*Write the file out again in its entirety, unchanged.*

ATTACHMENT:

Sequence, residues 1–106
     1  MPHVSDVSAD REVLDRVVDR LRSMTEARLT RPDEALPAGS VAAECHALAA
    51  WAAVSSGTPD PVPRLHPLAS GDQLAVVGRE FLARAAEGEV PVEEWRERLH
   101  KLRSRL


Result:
Sequence, residues 1–106
     1  MPHVSDVSAD REVLDRVVDR LRSMTEARLT RPDEALPAGS VAAECHALAA
    51  WAAVSSGTPD PVPRLHPLAS GDQLAVVGRE FLARAAEGEV PVEEWRERLH
   101  KLRSRL